Political Ideology and Dreams: Kyra Kristmanson in Conversation with Sehrish Ranjha

Sehrish Ranjha

Sehrish Ranjha, whose story "Zubaida" appears in The Malahat Review's winter 2019 Issue #209, discusses identity, defiance, and trying to define our dreams in her Q&A with Malahat Review editorial assistant Kyra Kristmanson. Read an excerpt from "Zubaida."


Sehrish Ranjha divides her time between Los Angeles and Lahore, Pakistan. She has a Bachelor’s in Liberal Arts from Sarah Lawrence College. Her fiction has appeared or is forthcoming in West Branch, New Moons: Contemporary Writing by North American Muslims Anthology, and elsewhere.

Your bio states that you divide your time between Los Angeles, U.S. and Lahore, Pakistan—both of which are huge, densely populated cultural centres with progressive politics. They are also, respectively, home to Hollywood and Lollywood. What are a few things about these big cities that make them home for you? How might they inform your writing?

They have in common urban sprawl, old cinemas, complaints and grievances about traffic. The other constant is that neither city is monolithic—in composition of the populace, economic situations, or ideas. The people are realigning themselves, crossing borders, and forming new “identities” and these new alignments challenge the old sense of a stable national and cultural inheritance. There’s also a feeling now of permeability between cities divided by thousands of miles because of the devastating environmental effects of capitalism—fire in Los Angeles, extreme air pollution in Lahore. I’m not sure if I’m at home with these factors, but the commonalities help me orient myself within the larger world.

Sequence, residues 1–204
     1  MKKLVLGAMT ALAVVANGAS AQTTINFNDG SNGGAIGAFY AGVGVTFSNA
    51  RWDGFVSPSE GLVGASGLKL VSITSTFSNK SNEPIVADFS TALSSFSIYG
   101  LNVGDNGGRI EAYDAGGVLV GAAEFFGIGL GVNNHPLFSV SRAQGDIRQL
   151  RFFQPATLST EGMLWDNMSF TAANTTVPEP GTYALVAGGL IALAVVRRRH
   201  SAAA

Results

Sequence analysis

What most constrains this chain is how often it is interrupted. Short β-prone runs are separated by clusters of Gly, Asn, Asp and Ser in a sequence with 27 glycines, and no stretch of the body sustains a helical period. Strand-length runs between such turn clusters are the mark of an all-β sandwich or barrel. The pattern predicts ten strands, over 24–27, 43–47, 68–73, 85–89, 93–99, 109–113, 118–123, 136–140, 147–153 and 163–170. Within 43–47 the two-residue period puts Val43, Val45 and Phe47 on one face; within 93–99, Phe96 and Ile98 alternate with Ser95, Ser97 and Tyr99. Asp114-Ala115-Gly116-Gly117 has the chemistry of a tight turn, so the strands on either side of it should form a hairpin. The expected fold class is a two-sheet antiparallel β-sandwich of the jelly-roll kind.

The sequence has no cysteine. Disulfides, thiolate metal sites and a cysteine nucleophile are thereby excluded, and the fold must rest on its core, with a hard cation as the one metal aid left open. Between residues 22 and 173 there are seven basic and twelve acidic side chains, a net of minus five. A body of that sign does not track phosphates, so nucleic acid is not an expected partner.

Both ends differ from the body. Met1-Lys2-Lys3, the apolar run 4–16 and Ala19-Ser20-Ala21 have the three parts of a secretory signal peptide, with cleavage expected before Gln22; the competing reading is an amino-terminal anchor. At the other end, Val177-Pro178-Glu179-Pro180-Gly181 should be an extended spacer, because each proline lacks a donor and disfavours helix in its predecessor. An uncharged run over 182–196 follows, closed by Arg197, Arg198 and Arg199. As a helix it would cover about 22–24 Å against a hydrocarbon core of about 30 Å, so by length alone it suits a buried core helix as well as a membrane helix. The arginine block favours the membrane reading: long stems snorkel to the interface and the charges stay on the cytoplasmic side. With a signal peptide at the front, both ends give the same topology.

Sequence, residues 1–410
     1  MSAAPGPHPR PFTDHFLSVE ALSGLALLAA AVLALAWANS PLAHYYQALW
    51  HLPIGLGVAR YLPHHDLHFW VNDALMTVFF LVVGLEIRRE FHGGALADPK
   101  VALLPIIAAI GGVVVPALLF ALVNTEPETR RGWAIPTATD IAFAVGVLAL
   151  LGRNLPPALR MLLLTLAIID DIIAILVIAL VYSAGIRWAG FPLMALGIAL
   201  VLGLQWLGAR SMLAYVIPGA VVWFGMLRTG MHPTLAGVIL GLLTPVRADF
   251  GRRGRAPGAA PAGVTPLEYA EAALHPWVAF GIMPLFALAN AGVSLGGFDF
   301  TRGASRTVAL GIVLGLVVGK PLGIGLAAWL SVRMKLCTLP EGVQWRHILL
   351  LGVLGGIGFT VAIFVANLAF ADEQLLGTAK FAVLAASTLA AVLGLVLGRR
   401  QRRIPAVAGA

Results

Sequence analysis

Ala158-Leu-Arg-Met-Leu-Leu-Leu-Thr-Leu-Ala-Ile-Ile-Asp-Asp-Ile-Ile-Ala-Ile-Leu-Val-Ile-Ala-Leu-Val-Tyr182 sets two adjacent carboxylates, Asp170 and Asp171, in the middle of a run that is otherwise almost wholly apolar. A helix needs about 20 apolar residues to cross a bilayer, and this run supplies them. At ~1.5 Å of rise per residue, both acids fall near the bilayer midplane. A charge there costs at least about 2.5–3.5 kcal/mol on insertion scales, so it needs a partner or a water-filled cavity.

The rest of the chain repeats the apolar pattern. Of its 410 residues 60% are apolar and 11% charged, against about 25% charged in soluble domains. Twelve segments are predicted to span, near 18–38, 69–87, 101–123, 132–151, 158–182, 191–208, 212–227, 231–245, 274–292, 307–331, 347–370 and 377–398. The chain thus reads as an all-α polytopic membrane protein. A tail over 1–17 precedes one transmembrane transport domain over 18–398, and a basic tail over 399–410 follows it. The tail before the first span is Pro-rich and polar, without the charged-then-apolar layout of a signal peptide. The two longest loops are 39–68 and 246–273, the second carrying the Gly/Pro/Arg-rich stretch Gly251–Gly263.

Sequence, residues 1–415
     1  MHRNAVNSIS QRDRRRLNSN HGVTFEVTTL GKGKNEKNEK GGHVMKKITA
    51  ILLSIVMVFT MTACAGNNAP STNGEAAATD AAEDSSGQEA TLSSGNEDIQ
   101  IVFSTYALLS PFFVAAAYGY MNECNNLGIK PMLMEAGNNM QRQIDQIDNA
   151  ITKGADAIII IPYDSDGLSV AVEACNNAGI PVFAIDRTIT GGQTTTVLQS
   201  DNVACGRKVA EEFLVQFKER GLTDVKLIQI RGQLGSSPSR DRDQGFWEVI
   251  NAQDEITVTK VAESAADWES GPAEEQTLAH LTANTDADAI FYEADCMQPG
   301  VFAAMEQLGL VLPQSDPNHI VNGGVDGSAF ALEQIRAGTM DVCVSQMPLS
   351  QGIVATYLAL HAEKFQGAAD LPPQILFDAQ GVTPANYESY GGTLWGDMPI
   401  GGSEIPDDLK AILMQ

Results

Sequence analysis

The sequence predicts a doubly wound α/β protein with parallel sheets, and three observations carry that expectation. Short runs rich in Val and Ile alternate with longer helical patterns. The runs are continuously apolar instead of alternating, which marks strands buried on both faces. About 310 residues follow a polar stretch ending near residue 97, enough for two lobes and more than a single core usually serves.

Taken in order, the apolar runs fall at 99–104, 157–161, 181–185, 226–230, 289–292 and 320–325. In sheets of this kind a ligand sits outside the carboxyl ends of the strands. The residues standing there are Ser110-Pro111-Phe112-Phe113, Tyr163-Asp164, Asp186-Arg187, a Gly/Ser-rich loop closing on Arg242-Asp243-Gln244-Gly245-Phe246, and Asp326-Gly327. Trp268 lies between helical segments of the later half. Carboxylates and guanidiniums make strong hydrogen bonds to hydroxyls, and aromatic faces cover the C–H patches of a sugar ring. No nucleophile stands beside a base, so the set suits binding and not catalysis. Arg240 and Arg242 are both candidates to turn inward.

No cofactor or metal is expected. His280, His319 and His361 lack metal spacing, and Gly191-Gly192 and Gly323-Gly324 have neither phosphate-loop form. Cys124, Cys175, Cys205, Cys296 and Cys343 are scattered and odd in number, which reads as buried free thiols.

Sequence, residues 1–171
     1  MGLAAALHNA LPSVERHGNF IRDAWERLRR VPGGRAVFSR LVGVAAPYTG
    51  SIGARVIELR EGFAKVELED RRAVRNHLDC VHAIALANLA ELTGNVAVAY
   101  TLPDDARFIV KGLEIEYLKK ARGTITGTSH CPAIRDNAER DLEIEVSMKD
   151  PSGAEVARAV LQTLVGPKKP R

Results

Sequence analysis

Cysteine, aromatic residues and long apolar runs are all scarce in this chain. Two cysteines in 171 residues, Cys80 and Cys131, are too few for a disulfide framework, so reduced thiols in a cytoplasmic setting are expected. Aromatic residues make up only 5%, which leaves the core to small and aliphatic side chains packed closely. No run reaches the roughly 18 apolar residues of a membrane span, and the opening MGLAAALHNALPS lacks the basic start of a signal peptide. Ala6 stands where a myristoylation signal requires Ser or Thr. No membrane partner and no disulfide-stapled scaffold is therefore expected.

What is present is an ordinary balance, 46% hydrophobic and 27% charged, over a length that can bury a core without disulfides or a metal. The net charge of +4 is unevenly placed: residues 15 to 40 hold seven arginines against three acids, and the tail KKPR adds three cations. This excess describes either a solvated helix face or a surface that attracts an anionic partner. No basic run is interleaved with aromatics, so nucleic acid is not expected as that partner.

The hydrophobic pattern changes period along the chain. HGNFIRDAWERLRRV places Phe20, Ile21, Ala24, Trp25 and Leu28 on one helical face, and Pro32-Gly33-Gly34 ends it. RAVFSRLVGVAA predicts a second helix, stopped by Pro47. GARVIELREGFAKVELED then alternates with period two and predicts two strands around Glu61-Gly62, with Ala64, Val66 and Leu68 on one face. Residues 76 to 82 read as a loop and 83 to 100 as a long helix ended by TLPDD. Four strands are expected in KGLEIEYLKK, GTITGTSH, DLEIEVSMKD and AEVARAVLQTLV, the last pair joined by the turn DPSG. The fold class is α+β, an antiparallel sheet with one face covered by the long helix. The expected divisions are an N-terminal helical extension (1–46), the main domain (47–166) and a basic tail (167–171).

There’s still a sense of “us” and “them” when we discuss the East and the West; a style of thought Edward Said traced to the Greeks. In my writing, I find myself at the margins and trying to understand the center from that position. I’m often drawn to characters struggling to define themselves against complex, modern cities. Either you’re inside or looking in from the outside. What you know is tied to where you live—the specific knowledge that comes from steeping in a setting, the air, and politics. My work echoes the things I’ve seen, heard, and felt in these spaces.